https://www.jacksonsun.com/story/opinion/columnists/2016/12/15/rescuing-feral-puppies-from-wildlife-den-no-easy-task/95451606/ Rescuing feral puppies no easy task
Carol Reese, The Jackson Sun Publ. 6:51 a.m. CT Dec. 15, 2016 | Update 10:37 a.m. CT Dec. 15, 2016
I listened to the voice message with a sinking heart. Several small puppies had been seen at the same place we had staged a rescue a year before. The feral mother dog we had been unable to capture had found this an ideal site to have yet another litter. The big attraction was an extensive network of roomy tunnels in the side of a wooded ravine, where a small stream provided a ready source of water.
Failed attempts at puppy capture over the next couple of days provided plenty of opportunity to study the den’s assets, and to wonder what creature had originated it, and how many different species of wildlife may have populated it over the years ... but more on this later.
These pups had been taught by mama dog to fear humans, so the trick was to outrun them to their earthen refuge. This task was made difficult by the many openings to the tunnels, and that the paths to them wound through thick growth. The quick pups could dash through and under, while we were hindered by bramble and brush.
Why not use a humane trap, you might ask? There were several other dogs and cats in the neighborhood, and from their interest in our activities, we suspected they would be the ones greeting us from the traps upon our return. It also occurred to us that we might catch mama and she could not then feed her pups, or we might catch a pup that was left shivering alone on a cold night when it should be huddled with siblings deep in the den. The site was not close to anyone whose schedule could accommodate frequent monitoring.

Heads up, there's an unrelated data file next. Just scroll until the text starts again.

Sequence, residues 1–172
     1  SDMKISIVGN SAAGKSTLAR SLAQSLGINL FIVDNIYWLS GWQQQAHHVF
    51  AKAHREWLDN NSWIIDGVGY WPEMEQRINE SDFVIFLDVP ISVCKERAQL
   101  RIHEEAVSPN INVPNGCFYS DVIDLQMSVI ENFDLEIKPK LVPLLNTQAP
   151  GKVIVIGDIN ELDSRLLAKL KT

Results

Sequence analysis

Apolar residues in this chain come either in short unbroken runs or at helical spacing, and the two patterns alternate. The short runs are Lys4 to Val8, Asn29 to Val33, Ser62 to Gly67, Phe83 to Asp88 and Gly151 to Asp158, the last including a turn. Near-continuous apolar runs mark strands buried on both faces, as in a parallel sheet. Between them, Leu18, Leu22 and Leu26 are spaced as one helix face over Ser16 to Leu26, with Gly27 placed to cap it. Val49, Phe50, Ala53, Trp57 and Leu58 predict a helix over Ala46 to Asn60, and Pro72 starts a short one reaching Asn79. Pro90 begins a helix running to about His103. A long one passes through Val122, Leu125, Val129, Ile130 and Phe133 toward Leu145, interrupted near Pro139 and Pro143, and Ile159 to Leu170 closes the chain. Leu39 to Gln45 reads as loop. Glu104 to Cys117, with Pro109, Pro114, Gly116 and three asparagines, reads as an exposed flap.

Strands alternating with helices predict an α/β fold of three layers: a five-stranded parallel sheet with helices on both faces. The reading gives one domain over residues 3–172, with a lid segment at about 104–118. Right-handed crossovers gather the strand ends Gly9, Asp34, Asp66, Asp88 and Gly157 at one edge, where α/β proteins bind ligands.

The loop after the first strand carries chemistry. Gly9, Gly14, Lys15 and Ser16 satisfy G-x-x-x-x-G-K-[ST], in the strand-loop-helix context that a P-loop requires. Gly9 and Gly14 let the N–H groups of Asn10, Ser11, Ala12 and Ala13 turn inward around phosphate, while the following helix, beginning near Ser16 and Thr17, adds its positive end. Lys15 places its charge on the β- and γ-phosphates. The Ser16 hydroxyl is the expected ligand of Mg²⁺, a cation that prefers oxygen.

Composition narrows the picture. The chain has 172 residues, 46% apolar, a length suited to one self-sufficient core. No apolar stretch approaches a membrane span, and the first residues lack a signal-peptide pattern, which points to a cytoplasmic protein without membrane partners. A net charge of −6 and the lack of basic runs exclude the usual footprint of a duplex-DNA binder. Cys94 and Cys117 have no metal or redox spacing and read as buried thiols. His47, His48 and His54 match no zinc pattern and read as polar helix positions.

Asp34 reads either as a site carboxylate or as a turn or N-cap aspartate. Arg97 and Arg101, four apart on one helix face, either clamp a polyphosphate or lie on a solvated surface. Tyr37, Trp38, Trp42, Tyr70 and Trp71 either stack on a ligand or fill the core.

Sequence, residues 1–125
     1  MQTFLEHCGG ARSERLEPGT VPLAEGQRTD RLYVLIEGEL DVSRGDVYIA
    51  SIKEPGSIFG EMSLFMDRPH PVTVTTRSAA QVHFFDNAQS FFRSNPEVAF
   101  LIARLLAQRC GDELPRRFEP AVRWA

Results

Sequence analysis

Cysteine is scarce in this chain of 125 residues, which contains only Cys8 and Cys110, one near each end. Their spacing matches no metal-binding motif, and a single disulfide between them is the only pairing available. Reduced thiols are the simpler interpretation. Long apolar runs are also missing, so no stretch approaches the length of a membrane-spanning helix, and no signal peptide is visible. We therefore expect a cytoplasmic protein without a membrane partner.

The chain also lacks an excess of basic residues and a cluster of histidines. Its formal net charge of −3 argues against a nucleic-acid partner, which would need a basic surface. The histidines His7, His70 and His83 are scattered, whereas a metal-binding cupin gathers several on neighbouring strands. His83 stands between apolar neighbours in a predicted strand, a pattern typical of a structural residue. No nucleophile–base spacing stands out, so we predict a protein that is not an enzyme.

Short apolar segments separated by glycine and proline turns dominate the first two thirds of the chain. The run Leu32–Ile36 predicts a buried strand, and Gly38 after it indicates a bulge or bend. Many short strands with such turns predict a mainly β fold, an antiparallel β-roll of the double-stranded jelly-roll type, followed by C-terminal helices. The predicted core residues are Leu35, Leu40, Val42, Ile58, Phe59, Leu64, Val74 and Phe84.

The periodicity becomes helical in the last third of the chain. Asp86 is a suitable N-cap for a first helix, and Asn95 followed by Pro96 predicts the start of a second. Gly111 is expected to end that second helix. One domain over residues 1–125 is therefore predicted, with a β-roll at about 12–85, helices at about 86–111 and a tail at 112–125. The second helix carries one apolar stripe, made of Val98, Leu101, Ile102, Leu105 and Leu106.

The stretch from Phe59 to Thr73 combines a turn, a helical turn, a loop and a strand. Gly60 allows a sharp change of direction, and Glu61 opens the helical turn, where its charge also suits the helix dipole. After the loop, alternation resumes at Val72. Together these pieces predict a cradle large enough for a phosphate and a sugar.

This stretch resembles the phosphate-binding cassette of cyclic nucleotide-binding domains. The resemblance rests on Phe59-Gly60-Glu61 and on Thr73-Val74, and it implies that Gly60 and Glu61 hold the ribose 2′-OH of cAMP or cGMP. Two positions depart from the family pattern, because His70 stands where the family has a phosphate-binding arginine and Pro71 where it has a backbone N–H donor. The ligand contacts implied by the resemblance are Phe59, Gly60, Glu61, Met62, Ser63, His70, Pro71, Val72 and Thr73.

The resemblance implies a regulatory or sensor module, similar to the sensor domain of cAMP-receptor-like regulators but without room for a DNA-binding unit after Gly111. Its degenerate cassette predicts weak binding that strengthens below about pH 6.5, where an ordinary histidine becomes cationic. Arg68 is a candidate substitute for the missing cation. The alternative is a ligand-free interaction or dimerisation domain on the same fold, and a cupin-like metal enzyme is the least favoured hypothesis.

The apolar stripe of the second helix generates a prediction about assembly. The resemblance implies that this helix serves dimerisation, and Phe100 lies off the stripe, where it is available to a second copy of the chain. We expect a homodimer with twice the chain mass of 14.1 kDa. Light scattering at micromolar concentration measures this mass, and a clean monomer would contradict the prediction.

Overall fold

The previous year we organized a mass snatching, There were six women, one for each puppy, and we met around the corner from the site and charged in like the calvary. It’s a shame we didn’t have a seventh member for videotaping, as it was a wild scene. Most of us are kindly and generously described as middle aged . Probably all of us were once described as athletic, perhaps even graceful, but those adjectives would not describe the blundering dives made that day. Successful is a word that will serve.
We decided another mass snatching with a crew of fleeter humans was the ticket. Adriane Gremmels, the mail carrier that first spotted the pups showed up with her gallant teenage son Dawson. Karen Byers of West Tennessee Spay Neuter Coalition pulled up with husband Jason, and his plucky daughter Kara. My beau Mike Johnson brought the total up to 7 humans. If our count was correct, we would have a person per puppy once again, only this time the puppies pulled a no-show. There was no sign or sound, and we began to fear the mother had moved them to a place less plagued with puppy snatchers. To be continued ...
Carol Reese is ornamental horticulture specialist for the Western District of the University of Tennessee Extension Service.
Thank you to Carol Reese for supporting us way back when, and now!
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